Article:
If there was any doubt that dinosaurs still roam North America, believers need only look to Southern Humboldt’s Van Arken watershed — part of the larger Mattole watershed — to find proof. They’ll just have to look very closely, and likely in a freshwater stream.
The watershed, facing a critical threat of development, is home to one of the oldest living species that scientists have been able to study up close. Though the species name is somewhat bland, the history of the species and its struggle to stay alive in our modern day is anything but boring.
“The Tailed frog (Ascaphus truei) has several characteristics that are considered “primitive” or “ancestral” compared to other species of frogs alive today,” explained Robert B. Douglas, a senior biologist for the Mendocino Redwood Company. “In other words, Ascaphus shares some morphological (skeletal) characteristics with frogs that were alive millions of years ago. It is thought that Ascaphus and Leiopelma (another primitive frog genus from New Zealand) diverged around 200 million years ago. Ascaphus is thought to be the sister taxon to all species of extant frogs.”
Hartwell H. Welsh, who has a doctorate in wildlife ecology from UC Berkeley, and is a retired research wildlife biologist for the U.S. Forest Service agrees.
“Several amphibian species that occur higher up in the (Mattole) watershed than the salmon are in serious trouble. This includes the most ancient frog species on planet Earth, the Tailed frog, and a small stream salamander called the Southern Torrent salamander.”
And it’s species like this that has inspired local land protectors Sanctuary Forest to launch a campaign to save the Van Arken watershed.
Last week, Sanctuary Forest told The Redwood Times that they have been granted a one-time opportunity to permanently protect the entire Van Arken Creek watershed from the threat of subdivision, development and negative land use impacts of large scale cannabis cultivation.
Currently, these forest lands are slated for (if approved by CalFire) a timber harvest that includes approximately 200 acres of clearcutting, and 100 acres of rehabilitation — the clearcutting and herbicide of the mixed hardwood forests in the Van Arken watershed for conversion to monoculture Douglass fir plantations.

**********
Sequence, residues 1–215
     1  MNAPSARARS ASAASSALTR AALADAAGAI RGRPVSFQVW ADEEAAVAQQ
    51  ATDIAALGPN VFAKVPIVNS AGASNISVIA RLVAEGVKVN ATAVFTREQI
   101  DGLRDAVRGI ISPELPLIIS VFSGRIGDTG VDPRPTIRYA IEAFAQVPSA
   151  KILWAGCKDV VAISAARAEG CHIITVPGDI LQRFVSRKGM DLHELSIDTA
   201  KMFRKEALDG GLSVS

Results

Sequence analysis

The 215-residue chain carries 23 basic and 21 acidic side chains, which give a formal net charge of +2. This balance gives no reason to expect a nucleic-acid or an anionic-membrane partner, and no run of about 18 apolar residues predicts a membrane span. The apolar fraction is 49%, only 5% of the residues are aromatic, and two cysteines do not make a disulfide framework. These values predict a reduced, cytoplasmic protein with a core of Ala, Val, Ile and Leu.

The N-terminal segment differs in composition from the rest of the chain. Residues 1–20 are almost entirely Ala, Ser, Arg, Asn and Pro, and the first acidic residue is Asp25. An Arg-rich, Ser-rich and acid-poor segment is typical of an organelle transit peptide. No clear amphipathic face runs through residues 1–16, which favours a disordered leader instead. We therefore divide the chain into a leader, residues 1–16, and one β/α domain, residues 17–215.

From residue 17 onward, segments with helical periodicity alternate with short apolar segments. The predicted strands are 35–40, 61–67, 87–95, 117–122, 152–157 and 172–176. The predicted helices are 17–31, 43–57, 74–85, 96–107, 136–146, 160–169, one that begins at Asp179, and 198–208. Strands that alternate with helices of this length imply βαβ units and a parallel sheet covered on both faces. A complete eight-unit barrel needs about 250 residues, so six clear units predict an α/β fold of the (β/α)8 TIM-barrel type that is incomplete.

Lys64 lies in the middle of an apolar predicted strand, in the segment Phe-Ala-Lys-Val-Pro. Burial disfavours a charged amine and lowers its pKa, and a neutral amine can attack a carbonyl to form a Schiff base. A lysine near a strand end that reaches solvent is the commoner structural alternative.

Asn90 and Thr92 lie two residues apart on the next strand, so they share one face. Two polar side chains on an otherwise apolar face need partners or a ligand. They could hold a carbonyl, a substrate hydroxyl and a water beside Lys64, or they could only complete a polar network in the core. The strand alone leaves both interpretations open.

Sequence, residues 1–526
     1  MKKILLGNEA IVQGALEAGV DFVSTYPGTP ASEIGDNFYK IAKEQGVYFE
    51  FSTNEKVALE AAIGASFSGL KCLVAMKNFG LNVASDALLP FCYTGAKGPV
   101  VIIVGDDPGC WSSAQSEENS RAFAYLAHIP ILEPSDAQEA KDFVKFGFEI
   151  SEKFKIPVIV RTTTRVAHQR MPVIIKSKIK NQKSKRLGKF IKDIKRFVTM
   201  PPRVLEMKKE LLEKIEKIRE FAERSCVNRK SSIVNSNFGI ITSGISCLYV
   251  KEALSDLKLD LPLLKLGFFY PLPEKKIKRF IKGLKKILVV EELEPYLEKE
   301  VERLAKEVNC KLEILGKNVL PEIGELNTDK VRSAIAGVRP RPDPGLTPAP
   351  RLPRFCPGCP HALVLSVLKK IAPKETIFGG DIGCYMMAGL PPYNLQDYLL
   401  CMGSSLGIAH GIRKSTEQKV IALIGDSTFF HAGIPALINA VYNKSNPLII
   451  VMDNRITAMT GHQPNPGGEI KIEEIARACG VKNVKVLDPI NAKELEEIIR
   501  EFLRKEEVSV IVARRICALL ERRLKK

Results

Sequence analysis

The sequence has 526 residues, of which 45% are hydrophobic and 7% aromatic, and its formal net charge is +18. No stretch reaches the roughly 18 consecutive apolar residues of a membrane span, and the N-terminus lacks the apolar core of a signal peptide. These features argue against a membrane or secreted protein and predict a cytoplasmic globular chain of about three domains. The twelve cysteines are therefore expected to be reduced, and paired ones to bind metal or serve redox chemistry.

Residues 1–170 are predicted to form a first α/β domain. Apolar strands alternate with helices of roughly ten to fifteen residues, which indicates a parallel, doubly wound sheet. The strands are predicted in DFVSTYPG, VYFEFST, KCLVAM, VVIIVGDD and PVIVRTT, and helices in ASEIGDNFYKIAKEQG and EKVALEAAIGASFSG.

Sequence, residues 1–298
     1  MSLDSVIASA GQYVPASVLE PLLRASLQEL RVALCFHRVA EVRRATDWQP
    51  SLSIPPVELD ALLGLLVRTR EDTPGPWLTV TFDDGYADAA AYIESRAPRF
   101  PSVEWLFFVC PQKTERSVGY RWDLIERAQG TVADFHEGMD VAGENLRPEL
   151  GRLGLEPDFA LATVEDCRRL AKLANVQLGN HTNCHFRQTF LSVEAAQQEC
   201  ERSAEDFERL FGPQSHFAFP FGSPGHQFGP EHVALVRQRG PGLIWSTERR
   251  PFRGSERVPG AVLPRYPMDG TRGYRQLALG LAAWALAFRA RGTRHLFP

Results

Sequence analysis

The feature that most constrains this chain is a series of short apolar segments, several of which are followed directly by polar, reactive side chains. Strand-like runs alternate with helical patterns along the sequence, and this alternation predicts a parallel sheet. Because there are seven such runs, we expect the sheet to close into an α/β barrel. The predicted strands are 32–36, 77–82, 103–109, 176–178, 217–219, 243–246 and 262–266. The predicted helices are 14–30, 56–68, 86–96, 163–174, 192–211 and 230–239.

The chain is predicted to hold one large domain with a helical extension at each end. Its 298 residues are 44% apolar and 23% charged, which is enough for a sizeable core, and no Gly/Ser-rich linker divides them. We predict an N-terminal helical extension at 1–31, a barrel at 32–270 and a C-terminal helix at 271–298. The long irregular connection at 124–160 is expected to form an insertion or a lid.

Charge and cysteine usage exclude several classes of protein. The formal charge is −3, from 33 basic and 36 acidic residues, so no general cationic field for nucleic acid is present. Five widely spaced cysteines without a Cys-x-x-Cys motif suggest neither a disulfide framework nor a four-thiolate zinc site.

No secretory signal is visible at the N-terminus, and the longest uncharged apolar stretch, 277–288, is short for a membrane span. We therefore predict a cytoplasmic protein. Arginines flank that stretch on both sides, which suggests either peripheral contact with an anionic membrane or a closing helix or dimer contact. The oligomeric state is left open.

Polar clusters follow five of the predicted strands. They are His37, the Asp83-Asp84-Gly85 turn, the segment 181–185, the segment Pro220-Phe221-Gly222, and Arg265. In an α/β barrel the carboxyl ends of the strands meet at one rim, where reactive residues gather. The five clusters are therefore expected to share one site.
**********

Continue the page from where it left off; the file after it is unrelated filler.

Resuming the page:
“Sanctuary Forest has negotiated for the first right to purchase the Van Arken watershed. If we are unable to do so the property will then be subject to sale to other buyers, Given the very high demand for rural properties in Humboldt County, I think that this is a reasonable threat to assume that if we cannot buy the property that someone else will.” said Galen C. Doherty, lands program director for Sanctuary Forest, Inc. “Already over 1,000 acres of property has been sold in the Redwood Creek headwaters (tributary to the South Fork Eel.) These lands are threatened by black market cannabis cultivation. However, the Mattole River Headwaters is at or beyond the carrying capacity. Further subdivision and development regardless of purpose will have a negative impact on the entire ecosystem; unless such development is done with utmost care and using the latest in low impact permaculture type practices.”
Asked why development in the area hurts the Tailed frog, which is not currently endangered, Douglas explained their struggle, “Tailed frogs are sensitive to changes in water quality parameters. Eggs have a very narrow thermal range, and the species is difficult to find in streams high in fine sediment. Eggs have been shown to cease development at temperatures greater than 18.5 C. Activities that severely alter these parameters, directly or indirectly, could be detrimental to the species.”
Once the money is raised by Sanctuary Forest and the land is preserved, what assurances do donors have that the last land of the dinosaurs will be protected?
“Sanctuary Forest is a land and water trust. We hold conservation easements, which are binding documents on property removing rights from the property — such as subdivision, development, water diversion,” Doherty said.”These easements are for perpetuity. We do not sell the property unless there is a binding agreement that will keep it in conservation. So yes, once protected these lands will remain so forever.”
At the end of this month, local forest land non-profit Sanctuary Forest is asking the public to help them save a vital watershed in the Mattole.
Sanctuary Forest’s Save Van Arken Campaign will kick off with a wine tasting at Whitethorn Winery on the Nov. 25 and 26.
The event is in support of their work to protect a remaining part of the Mattole watershed in Southern Humboldt. The event coincides with their annual Drink Wine, Save Salmon wine tasting fundraiser, and this year’s event will specifically benefit the new Save Van Arken Campaign.
For more information about Sanctuary Forest and the event planned, visit www.sanctuaryforest.org or call 707-986-1087.